Financial Liberalisation and Economic Development

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1.1. Introduction

This paper examines the effect of financial liberalisation (FL) on economic development in less developed countries (LDC). The paper is divided into several sections; the first examines the concept of financial repression and the second introduces the Mckinnon-Shaw thesis of financial liberalisation; section three looks at the critique of Mckinnon-Shaw thesis. This paper presents some evidence that will indicate a positive relationship between financial liberalisation and economic development (e.g. growth rate). However, this relationship is not robust. In other words, there are still controversies over the affects of financial liberalisation in LDC’s. Also, this paper will look at the experiences in financial liberalisation in Indonesia.

2.1. Financial repression

For many years, governments across the globe followed a policy of financial repression. Financial repression comes in many forms. Under financial repression nominal interest rates are set below market level, there is control of credit allocation, high reserves requirements and financial system is highly regulated and controlled. The rational for financial repression originates from Keynesian economics and Tobin’s portfolio allocation model.

The Keynesian model states that savings (S) and investment (I) are equal. Keynes assumed that interest rates are determined in the money market. In his model consumption function is an important element. Furthermore, Keynes argues that investment is autonomous, while the level of savings varies with income. Keynesian theory promotes government involvement in the market. The rational for financial repression rises from the Keynesian assumption that a low level of interest rate stimulates the level of investment and increased investment will increase income and hence savings. It is assumed that a rise of income level will increase aggregate demand and that will increase the level of output. Thus, by boosting investment and output there will be an increase in growth.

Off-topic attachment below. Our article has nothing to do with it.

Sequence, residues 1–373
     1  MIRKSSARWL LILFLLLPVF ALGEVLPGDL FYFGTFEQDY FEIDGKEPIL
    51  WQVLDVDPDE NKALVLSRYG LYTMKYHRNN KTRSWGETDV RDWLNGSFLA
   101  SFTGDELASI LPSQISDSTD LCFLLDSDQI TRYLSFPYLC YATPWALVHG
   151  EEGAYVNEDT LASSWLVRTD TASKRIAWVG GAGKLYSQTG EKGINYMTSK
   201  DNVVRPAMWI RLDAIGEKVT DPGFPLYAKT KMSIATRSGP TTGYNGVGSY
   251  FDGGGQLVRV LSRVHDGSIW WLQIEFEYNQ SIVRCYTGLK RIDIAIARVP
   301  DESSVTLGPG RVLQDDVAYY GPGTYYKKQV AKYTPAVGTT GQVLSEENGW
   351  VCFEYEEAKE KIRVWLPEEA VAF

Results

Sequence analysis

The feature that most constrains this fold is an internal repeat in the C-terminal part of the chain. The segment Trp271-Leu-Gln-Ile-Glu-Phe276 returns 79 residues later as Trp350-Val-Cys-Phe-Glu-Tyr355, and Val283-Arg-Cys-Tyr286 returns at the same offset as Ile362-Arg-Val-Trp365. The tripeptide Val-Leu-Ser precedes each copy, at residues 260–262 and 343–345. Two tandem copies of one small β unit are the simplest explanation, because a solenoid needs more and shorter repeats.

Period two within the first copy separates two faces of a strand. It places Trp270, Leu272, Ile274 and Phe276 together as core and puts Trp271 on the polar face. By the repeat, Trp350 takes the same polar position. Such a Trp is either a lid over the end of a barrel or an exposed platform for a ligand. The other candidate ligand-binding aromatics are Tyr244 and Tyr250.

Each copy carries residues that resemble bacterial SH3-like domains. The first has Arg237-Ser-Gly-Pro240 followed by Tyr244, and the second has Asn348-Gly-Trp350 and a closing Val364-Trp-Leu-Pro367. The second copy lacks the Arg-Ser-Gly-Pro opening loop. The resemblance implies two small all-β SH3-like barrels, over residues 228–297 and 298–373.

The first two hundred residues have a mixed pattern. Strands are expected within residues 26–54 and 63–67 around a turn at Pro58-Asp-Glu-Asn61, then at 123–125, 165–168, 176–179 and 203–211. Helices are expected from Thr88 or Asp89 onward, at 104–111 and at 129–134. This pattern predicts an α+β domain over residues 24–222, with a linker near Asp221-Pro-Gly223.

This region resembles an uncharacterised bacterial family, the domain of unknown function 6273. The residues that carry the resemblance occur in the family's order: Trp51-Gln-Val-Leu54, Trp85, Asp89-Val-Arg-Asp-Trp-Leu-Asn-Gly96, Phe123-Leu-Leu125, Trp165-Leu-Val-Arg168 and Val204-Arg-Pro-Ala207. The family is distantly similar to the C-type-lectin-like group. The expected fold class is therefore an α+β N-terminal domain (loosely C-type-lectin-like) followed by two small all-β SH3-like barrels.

The rational for financial repression also originates from Tobin’s allocation model. In Tobin’s model of money and growth, economic agents choose between money and productive capital. Here money and productive capital are substitutes. In this model the rate of economic growth will accelerate when yield on money falls. Yield on money falls if there is a reduction in deposit rates of interest or by increasing the inflation rate. Also, if yield on money falls and return on capital rises, economic agents will increase the ratio of capital in their portfolios. Consequently, there will be a higher capital/labour ratio, higher labour productivity and a greater per capita income.

However, the main reason behind financial repression is its fiscal implication. When interest rates are kept below market levels and when banks and financial institutions are forced to hold government securities up to a certain per cent of their total liabilities, governments are able to reduce the costs of public debt. Also, through control of credit allocation, authorities are able to direct credit to priority sectors (for example towards agriculture).

The economic distortions due to policies of financial repression were serious. One of many consequences of financial repression is the reduction of the overall availability of loanable funds to investors. Furthermore, the financial repression retards savings, lowers investment quality and hence growth (Mckinnon and Shaw). The figure 2.1. shows that in the market, which is influenced by policies of financial repression, real interest rates are set below the free market equilibrium real rate, r*. Consequently, there will be reduced amount of investment (if the interest rate is given by r’, the amount of investment will be Ia), due to limited saving.

Real interest rate SY0
SY1
SY2

r*
r’’
r’...
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